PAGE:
By Ellie Jacobi
I remember, as a 5-year old, walking two blocks to kindergarten and sitting on the classroom floor with all the other kids. The teacher began calling our names for attendance, and pronounced an unfamiliar name while looking at me. The last name was correct, but who was this Elvora? I soon realized it was supposed to be me, although since I had been born, I was called Joan. When I came home and asked, I learned that Joan is my middle name. I felt like two people – one at home and one at school, until my parents got on board and began calling me Elvora, too – especially when I misbehaved. I got used to it, but never liked that strange name that none of my friends had ever heard either. And often my father called me “Sparkie”, which I understood as a nickname and liked.
I am not sure how my parents forgot to tell me the name on my birth certificate, but we were a rather unusual family. My father made the name up and originally used it for my mother when she was appearing on stage as Madam Elvora, the astounding memory expert.
After I was born, Mother switched to Madam Alva, because my dad wanted to extend the name Elvora into the future through me. And, besides, Alva was closer to her real given name, Alvina, a name she never used either. She said a baby seemed more like a Joan to her than an Elvora, but now that I was in school, I was old enough to use my real first name.
Names figured into this family of performers at many levels. My sister and I did an acrobatic act in our early years and were called The Bergorettes. This, of course, was our dad’s invention again.
But Bergor was also a changed name. When we were born, my sister and I had the last name of Goldenberger. This seemed too long for stage use by a magician and escape artist, so my father just divided it in two and then changed the second e to an o to make it different from all other Bergers. Of course, he didn’t think to make the change legally until I was in kindergarten, so my older sister had a similar challenge in hearing an unfamiliar last name spoken by both her kindergarten and first grade teachers. Her first name, Monona, was the same as the name of the lake two blocks from the school. But, unlike me, she liked her name. It had a nice sound, it represented a beautiful lake nearby, and at that time it was unique among her peers.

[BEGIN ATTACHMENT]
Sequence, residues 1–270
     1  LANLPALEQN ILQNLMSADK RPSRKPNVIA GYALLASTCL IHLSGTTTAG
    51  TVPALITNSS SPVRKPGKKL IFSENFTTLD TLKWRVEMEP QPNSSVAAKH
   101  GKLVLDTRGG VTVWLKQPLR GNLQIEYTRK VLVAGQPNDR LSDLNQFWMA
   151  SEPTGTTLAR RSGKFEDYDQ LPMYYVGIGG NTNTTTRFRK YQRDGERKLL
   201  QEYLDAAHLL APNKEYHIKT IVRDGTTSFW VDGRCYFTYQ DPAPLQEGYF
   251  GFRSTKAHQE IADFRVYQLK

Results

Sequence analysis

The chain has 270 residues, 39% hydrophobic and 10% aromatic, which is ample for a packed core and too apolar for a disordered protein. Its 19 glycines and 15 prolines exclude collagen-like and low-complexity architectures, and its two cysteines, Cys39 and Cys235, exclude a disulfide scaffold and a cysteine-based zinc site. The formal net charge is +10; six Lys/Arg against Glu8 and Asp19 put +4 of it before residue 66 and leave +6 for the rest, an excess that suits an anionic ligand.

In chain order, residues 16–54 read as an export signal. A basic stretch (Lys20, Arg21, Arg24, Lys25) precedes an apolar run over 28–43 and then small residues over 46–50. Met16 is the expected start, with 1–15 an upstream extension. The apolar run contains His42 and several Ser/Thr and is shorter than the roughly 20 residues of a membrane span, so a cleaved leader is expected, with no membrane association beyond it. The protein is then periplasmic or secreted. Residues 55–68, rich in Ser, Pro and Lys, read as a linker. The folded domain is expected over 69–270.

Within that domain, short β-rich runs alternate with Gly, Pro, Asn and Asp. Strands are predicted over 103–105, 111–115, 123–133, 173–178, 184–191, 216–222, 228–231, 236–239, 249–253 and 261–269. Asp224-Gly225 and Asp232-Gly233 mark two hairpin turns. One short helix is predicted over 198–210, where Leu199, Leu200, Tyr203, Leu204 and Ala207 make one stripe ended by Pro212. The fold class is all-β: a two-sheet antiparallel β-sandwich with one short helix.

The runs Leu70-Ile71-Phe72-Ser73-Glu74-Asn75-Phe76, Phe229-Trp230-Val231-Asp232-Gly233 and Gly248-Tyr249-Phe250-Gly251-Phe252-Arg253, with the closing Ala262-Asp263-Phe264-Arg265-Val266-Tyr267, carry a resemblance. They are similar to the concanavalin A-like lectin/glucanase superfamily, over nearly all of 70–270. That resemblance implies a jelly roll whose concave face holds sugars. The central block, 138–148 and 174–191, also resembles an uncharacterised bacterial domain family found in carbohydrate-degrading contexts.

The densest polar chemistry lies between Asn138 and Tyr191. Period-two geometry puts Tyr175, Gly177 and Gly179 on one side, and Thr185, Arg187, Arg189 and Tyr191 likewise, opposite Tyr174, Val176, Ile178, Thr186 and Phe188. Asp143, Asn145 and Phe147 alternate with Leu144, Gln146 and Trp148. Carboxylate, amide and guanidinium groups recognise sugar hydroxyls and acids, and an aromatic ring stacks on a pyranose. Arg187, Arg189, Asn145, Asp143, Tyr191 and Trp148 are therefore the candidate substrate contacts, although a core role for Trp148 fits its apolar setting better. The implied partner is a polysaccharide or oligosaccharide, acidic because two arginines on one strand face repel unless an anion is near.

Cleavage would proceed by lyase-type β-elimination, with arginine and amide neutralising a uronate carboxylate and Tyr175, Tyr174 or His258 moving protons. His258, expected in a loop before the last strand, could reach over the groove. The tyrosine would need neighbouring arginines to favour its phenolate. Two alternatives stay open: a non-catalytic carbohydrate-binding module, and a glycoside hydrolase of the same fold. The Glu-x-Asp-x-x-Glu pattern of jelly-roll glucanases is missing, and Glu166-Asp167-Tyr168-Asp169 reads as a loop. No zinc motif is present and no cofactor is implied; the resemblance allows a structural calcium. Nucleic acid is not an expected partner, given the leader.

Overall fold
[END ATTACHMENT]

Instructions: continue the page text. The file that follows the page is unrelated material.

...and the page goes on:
I might mention parenthetically that my mother also made name changes for herself. She began life as Alvina Wilhelmina Hedvich Topel, and when she married my father added Goldenberger to the list, making it sound almost like a full sentence. She later changed it to Alvina Wilma Bergor. The Wilma got lost in just a “W”, with no one really knowing what that stood for, and everyone called her “Al” or “Alva”.
By the time I got to High School, a neighbor boy started called me Ellie and it stuck with all friends and family, except my Aunt Olivia, my Dad’s sister, who refused to call me by a nickname. But then, she was an opera singer who had changed her name from Olive Goldenberger to Olivia Monona, and who didn’t seem to mind at all when her nieces called her Aunt Nona, also a nickname. Anyway, I liked my new nickname. It felt more like me.
When I married, I thought about how to do this name thing. First, I began hyphenating and was Ellie Bergor-Jacobi. But that seemed too long, and I didn’t really identify with Bergor. After all, it wasn’t my birthname. So I tried to drop it. But Aunt Nona asked me specifically to keep Bergor in my legal name, since it was one-of-a-kind. Because I had defied her with the common use of Ellie, I agreed, and legally became Elvora Bergor Jacobi. This was not quite pleasing to me either because it meant dropping “Joan”, which had good memories. At first I tried to keep Joan, too, but four names seemed just too long.
I am not about to make any legal changes at this stage of life. It is probably enough that I have trained friends, family and even doctors, dentists and my Credit Union to refer to me as “Ellie”. A few friends know my secret real first name, but, bless them, do not use it.
© 2022 Ellie Jacobi
Ellie is a native Madisonian, but a world citizen member of the Baha’i Faith.